Friday, September 12, 2008

Drug Importation and Global Wholesale

Last year, I speculated that drug importation legislation may be inevitable. Does the rise of global wholesalers make it more likely?

A Tuesday article in The Hill reminded me that both Barack Obama and John McCain favor importation. McCain even took a shot at drug companies in his acceptance speech, which is consistent with his comments during the primary. (See my January post Crazy Talk from John McCain.)

In addition to our old friend S.242, Senators Kennedy (D-MA) and Grassley (R-IA) just introduced S.3409 The Drug and Device Accountability Act. Section 122 of the new bill touches on drug importation safety "standards" and could be seen as foundational legislation.

Of course, importation won’t actually save very much money for consumers because most of the price differential will be absorbed by the channel. For example, wholesalers, importers and exporters are the big winners from importation because they absorb 80% or more of the price differences between European countries. (See my op-ed from last year Importation Illusions.)

That’s why I’m keeping my eye on cross-border wholesaler transactions. European wholesaler-retailer Alliance Boots entered the Brazilian market in July. (See Alliance Boots to enter Brazil.) Alliance Boots already has a strategic alliance with Cardinal Health (CAH) and entered the Chinese market last year. Meanwhile, both McKesson (MCK) and AmerisourceBergen (ABC) have significant market positions in Canada.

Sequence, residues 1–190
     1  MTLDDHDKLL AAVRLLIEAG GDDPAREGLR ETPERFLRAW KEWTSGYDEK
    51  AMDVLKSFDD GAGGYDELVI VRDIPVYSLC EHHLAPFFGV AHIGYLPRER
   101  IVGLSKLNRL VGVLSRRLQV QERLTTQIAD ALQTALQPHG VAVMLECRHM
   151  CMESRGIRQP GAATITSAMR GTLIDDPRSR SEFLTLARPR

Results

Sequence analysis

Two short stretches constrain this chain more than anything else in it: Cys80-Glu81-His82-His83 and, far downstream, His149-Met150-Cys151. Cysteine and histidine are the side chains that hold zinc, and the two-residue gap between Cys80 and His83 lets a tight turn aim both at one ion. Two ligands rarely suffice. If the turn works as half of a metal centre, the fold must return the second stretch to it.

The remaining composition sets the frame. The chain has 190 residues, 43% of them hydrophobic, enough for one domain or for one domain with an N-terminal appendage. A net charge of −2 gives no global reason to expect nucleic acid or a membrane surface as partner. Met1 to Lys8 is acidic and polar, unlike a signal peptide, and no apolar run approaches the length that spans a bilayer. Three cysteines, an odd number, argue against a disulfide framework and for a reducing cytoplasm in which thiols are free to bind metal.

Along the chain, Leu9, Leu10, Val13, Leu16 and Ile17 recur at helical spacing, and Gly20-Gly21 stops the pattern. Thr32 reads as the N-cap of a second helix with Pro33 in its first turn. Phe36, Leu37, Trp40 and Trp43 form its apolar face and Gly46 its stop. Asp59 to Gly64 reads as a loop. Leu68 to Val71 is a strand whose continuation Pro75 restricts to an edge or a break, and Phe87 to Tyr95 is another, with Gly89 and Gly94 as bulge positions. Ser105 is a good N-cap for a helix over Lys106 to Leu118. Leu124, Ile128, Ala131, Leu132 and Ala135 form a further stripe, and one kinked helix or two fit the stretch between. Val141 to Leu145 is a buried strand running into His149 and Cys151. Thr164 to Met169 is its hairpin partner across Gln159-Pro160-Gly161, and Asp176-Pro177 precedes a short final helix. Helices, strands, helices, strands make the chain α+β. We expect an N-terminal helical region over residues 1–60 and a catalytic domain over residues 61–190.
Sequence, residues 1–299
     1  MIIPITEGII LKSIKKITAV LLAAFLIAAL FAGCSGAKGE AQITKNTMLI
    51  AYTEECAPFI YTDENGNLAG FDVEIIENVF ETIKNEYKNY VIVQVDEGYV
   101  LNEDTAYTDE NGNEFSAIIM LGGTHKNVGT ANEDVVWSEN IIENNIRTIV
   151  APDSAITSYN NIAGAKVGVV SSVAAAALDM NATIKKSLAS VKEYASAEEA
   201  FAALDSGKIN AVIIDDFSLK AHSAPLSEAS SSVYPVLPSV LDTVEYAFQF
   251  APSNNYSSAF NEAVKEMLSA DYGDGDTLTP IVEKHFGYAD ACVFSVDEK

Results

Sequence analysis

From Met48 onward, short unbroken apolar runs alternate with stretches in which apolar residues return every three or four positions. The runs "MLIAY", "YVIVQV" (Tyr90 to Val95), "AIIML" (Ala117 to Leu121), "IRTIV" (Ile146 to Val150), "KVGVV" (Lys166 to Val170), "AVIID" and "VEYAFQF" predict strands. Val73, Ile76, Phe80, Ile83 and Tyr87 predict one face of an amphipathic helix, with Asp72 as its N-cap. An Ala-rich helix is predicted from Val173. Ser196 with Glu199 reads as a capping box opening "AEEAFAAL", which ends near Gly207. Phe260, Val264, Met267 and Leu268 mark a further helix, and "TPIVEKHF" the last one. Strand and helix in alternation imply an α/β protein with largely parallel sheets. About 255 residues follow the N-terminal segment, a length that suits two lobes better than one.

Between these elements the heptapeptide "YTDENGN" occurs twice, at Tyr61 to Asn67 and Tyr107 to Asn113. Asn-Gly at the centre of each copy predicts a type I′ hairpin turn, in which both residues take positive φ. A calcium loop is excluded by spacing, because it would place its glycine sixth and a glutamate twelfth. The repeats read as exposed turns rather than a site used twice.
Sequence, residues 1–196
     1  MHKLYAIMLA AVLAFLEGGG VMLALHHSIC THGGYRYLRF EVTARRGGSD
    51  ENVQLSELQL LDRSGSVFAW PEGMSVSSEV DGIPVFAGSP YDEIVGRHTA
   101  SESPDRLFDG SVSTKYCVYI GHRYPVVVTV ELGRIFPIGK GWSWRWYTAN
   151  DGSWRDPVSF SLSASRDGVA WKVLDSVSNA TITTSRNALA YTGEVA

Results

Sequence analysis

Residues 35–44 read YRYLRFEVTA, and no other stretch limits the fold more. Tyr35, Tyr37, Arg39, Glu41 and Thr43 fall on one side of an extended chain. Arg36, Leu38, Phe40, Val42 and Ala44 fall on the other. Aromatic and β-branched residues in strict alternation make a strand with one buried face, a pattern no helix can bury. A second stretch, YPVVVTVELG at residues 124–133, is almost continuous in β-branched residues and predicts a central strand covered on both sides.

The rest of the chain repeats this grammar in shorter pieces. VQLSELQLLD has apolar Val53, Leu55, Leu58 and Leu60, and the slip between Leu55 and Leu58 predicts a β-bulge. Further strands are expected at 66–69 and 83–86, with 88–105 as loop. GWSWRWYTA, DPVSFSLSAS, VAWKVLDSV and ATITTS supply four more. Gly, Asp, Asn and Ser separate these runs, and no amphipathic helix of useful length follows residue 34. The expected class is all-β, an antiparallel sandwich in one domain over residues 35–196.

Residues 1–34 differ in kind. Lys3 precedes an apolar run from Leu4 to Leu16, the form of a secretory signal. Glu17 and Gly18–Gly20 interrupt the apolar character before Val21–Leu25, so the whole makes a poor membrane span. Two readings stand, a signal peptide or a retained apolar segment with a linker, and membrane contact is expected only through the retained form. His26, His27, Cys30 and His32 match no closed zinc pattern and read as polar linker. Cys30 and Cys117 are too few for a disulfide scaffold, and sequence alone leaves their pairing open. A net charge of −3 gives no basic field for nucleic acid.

The Healthcare Distribution Management Association, which represents the drug wholesalers, has an official position against importation, stating: “HDMA is opposed to permitting the importation of pharmaceuticals. Importation, whether restricted to just Canada or not, significantly increases the likelihood of counterfeit or adulterated drugs entering the U.S. market and reaching our medicine cabinets.

I happen to agree with HDMA on the dangers, but I wonder if their position will change if (when?) importation is legalized under a new administration. Or am I too convinced that an importation bill will actually pass?

4 comments:

  1. Adam, I agree with you. I expect HDMA's position to change quickly if the Big 3 can take advantage. What a mess this would be for consumers.
    Thanks for keeping us posted!

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  2. Adam, I think you are probably one of the more optimistic about US drug importation eventually passing. I don't share that optimism because I just don't see any administration signing up for something that will put significant risk into the US market. Under the surface of the political rhetoric is some hard reality that is largely overlooked.

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  3. Drug Importation is largely in use as we speak. The pharmaceutical companies in the UK, EU Asia, among others have been supplying the US for imported drugs for years at higher prices than that many can afford. ED Rx's for example: Cialis 20mg have gone up to almost $20.00/Tb. The active ingredient is found elsewhere at <$4.00./Tb. Counterfeit? Probably...

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  4. Adam, Seems like the concept of importation is like government collusion. One government strikes a deal for low cost product. The company agrees to the term figuring something is better than nothing or that medicine should be accessible to a poor market. Non- value adding business people use the price differential to profit under the illusion of helping all. This, in turn, becomes a key vector for counterfeits to enter the supply chain.
    Maybe the answer is global pricing. Rich countries get a break, poor ountries can seek foreign aid and Pharm. companies stay apolitical since the view of them is so poor anyway.

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